Network-Hierarchy ImageA local approach is based upon individuals making decisions that take into consideration their family members and neighbors, even if their neighbors are people on another continent. It is based on relationships, shared values, responsibility and outcomes.

A global approach assumes that this is not feasible, and that a central decision making body should make these decisions. In effect, it distrusts interaction and collaborative solution making. This has been the course of most societies for the past two centuries regardless of whether they are politically democratic, socialist or developing.  

The ascendency of the local challenges an elitist global approach to decision making.

This distinction between local and global leadership is most significantly being played out in local communities. 

Over the past year or so, I've been following developments in a city far from where I live, as its city administration sought to apply a "globalized" solution to the problem of city revenue. The solution would have had an adverse impact upon local business, and led to more "centralized" control by city government over businesses and private property.  Based on my observations as an interested outsider, these "global" solutions were really a way for a small group of citizens and city administrators to gain power and control over the economic assets of the community.

A contingent of local citizens organized and through their "localized interactions" working within the system of local government, exerted influence upon the city to change some of these decisions that were having an adverse impact upon local businesses.

As an outside observer in conversation with some of the citizens involved, I saw the power that "local interactions" have in a "globalized context."  They have a capacity to transcend the artificial barriers that traditional social and organizational structures provide. Those boundries represent the effect of past decisions upon a community. As new pockets of local influence grow and gain importance, the community's ablity to adapt to the changing social and economic realities grow as well. 

Legacy structures like these tend to be hierarchical and ordered for control of the system, rather than for interaction and initiative by members.  We don't tend to think of global approaches as representative of the old industrial model, but that is precisely what they are. It is an organizational design that assumes that a few persons closely linked together, who hold power on behalf of the larger comunity will make decisions that are beneficial to the whole community.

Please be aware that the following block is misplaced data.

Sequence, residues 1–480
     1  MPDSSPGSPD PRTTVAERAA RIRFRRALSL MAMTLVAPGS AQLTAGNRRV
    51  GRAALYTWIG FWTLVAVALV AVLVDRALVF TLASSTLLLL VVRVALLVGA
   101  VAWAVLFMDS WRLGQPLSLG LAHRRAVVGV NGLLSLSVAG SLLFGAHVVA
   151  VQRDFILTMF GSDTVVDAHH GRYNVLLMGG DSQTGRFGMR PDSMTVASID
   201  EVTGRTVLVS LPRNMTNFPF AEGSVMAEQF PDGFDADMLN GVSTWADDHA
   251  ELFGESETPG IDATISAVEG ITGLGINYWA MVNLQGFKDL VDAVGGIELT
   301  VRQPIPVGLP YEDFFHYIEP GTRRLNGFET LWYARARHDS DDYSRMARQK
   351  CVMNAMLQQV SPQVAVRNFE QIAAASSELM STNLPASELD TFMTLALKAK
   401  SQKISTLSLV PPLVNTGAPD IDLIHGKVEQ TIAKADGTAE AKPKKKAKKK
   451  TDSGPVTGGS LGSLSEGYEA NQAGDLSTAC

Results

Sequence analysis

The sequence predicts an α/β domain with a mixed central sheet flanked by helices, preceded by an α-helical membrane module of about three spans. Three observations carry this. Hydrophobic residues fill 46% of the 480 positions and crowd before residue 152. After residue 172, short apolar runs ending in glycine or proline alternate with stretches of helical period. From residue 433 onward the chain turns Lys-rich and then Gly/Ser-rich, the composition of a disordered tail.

The Local is the Future because the Future is the Interactive.

The future of organizations and communities is in the interaction that takes place in relationships. This is already happening, and has been for some time. And where there are legacy hierarchical structures, localized interactions are happening. In many cases these interactions transcend the boundaries of the organization as they created collaborative groups whose focus is on the shared values and outcomes that have drawn them together. 

One example of how "local interactions" are not limited to "social or organizational  proximity"  is found in the impact of author and entrepreneur Seth Godin


Several years ago, Seth started the online social network Triiibes  as a vehicle for his book Tribes to find an audience that would be engaged not only with the ideas in the book, but also as way for people learn how to develop and lead their own tribes. This successful social network, with close to 15,000 members, is a platform for a wide range of activities that are bringing people from across the globe together to create value in their local arenas. Tribes cover

The Morale ebook, mentioned above, is the product of this interaction in the Triiibes network. There are, now, ebooks being produced on a regular basis through the "localized interaction of the Triiibes global community".  

In addition, a global gathering of local meetings are regularly taking place that bring people together who have been inspired by Seth Godin's book, Linchpin. As of the time of this writing, over the past nine months, there have been 1,575 Linchpin gatherings, involving 8,269 people in 102 countries. Linchpin book cover